Figure S5 presents an example of the successful binding of DTNB and IL-8 antibodies to the Au nanoparticles using UV-vis measurements. As shown in Fig. S5a, the as–received gold nanoparticles solution has a strong extinction maximum at 609nm. This wavelength is indicative of individual nanoparticles averaging approximately 70nm in diameter. The spectrum of AuNPs red-shifted a little after Raman reporter coating (Fig. S5b), since the LSPR band of AuNPs is very sensitive to the refractive index of the surrounding medium. The red shift of the surface plasmon resonance peak22 demonstrates the successful binding of DTNB to the gold nanoparticles. After modification with IL-8 antibodies one can observe a large decrease in the strength of this band and a red-shift from 609 to 637nm, which indicates that surface residual vacancies of DTNB-labelled AuNPs are occupied by anti-IL-8 antibodies (Fig. S5c). Similar results have been observed and detected by the ATR/FTIR technique23. Additionally, according to the literature24 the broadening and the shift to longer wavelength may also indicate aggregation.
The SERS labels (Raman reporters) with distinct spectroscopic peaks are needed to achieve simultaneous and multiplexed biomarker detection. The Raman reporter molecules have been strategically designed to immobilize them on a thiolate layer on a gold nanoparticle, in order to provide a unique and strong Raman spectrum and to covalently bind the antibody via a terminal amino (FC) or carboxy (p-MBA, DTNB) group. Normalized SERS spectra and the corresponding molecular structures from three Raman reporters: FC, p-MBA, and DTNB were obtained and are shown in Fig. 2. The SERS spectrum of each type of label can be easily distinguished because the most intense peaks of each Raman reporter molecule are separated by at least 30cm−1.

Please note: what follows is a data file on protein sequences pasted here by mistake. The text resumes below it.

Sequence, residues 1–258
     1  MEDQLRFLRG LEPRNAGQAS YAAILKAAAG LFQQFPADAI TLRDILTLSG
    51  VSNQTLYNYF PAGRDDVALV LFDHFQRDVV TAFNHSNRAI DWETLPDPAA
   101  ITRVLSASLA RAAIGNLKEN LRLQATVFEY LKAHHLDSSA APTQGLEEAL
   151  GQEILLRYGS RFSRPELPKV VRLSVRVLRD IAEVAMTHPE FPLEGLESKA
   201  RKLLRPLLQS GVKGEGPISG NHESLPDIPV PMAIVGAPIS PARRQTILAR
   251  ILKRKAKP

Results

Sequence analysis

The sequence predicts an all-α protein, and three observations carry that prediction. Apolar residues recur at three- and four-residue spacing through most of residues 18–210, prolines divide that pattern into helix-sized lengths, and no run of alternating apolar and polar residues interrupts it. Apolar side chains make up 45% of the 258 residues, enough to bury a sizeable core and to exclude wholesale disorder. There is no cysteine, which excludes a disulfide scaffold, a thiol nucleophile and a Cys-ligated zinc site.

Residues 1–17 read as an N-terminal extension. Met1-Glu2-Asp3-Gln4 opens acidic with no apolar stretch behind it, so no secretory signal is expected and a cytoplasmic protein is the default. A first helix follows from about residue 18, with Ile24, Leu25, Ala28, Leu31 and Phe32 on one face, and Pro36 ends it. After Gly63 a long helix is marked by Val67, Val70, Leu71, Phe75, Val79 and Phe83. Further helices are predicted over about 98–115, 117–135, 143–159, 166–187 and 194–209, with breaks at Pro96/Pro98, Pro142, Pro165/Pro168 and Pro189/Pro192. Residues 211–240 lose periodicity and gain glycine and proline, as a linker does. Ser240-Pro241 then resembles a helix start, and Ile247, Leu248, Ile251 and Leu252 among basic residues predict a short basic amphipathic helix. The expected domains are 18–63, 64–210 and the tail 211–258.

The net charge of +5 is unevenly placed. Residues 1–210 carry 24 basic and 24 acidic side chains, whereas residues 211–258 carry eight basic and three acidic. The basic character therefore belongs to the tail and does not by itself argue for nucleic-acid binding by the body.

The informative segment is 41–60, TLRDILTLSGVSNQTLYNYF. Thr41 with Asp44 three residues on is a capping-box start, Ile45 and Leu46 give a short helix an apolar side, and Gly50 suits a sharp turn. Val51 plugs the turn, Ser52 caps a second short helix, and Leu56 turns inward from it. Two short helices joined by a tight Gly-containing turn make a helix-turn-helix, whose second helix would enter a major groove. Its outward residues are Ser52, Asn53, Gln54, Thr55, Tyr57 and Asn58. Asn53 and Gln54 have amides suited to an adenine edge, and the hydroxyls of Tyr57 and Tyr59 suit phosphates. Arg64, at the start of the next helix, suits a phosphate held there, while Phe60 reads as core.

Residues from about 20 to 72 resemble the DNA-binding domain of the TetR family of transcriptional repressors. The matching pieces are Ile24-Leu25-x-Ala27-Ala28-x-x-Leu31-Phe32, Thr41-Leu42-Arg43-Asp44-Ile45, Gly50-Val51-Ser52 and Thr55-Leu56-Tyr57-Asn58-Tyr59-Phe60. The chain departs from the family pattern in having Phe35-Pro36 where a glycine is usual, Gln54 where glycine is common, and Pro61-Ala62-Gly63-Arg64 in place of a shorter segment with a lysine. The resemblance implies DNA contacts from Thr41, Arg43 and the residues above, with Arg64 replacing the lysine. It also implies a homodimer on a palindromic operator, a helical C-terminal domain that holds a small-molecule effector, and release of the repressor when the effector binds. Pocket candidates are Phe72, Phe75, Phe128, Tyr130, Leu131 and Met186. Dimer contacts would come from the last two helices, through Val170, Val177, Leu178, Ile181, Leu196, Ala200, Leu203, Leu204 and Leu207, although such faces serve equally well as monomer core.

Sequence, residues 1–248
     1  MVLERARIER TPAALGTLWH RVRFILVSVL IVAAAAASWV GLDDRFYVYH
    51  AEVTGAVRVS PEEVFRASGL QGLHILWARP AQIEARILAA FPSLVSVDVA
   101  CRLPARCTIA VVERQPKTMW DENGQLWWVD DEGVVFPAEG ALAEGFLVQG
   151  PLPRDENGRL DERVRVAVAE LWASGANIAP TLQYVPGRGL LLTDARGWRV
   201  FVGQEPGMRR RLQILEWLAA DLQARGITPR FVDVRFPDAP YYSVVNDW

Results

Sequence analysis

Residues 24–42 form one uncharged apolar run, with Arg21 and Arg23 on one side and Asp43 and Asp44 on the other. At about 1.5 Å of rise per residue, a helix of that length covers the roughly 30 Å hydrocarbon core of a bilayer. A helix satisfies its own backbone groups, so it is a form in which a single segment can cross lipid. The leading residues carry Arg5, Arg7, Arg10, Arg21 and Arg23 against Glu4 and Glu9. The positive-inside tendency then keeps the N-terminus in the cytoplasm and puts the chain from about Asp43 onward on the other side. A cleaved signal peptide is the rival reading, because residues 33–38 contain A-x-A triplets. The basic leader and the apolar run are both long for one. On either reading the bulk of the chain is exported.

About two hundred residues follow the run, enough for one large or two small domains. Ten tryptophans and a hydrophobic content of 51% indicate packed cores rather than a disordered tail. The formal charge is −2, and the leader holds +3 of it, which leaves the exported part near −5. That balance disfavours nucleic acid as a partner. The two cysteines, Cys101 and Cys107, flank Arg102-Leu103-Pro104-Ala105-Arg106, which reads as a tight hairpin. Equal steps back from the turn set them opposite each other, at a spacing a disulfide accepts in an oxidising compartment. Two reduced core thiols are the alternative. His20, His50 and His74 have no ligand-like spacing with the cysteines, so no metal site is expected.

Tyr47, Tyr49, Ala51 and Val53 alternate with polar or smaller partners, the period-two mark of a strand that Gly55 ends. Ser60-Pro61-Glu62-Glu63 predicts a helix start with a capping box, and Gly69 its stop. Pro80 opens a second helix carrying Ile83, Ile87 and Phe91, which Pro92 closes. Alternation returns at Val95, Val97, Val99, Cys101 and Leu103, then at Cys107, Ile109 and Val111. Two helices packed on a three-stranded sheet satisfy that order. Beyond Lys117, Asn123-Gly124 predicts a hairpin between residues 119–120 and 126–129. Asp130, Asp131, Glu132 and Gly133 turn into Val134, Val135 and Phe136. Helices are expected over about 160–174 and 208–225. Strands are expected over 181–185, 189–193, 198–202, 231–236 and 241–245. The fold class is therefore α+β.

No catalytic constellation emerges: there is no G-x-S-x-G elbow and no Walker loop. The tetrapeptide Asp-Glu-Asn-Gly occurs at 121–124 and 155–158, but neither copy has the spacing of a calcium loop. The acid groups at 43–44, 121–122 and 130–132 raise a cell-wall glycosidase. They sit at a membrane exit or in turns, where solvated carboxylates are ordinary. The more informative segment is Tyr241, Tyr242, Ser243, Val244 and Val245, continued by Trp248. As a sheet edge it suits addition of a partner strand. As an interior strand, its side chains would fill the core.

The SERS spectrum of FC (Fig. 2a) is very intense and dominated by bands at 1178, 1384, and 1592cm−1 due to ring C–H bending modes, N–phenyl stretching, and ring C–C stretching modes25, respectively. SERS spectra from other types of SERS labels were characterized accordingly. The SERS spectrum of p-MBA (Fig. 2b) is dominated by the bands around 1078 and 1585cm−1 which are assigned to ν8a and ν12 aromatic ring vibrations, respectively26. The weaker bands which appeared at about 1370–1380cm−1 correspond to νs(COO−), together with a band at 838cm−1 due to ν(COO−). The relatively intensive peak at 713cm−1 is assigned to the out-of-plane ν(CCC) vibration27 of the aromatic ring, indicating that p-MBA molecules with COO− groups are more or less flat oriented on the Au surface. The spectral features of the last applied Raman reporter DTNB after the Au staining enhancement is presented in Fig. 2c. The strongest SERS bands that appear at 1326cm−1 and 1558cm−1 are assigned to the symmetric nitro stretch νs(NO2) mode and the aromatic ring stretching mode, respectively28. The peaks at 1139 and 1048cm−1 are attributed to CH3 rocking, C-N stretching, and C-N bending29.
Similarly, strong characteristic SERS signals of p-MBA, FC, and DTNB (Fig. 2a’–c’) were obtained for each Raman reporter-labeled immuno-Au-nanoparticle (after immobilizing the anti IL-6, anti IL-8, and anti IL-18 antibodies), which indicates that these labels can work as sensitive Raman reporters for SERS immunoassay.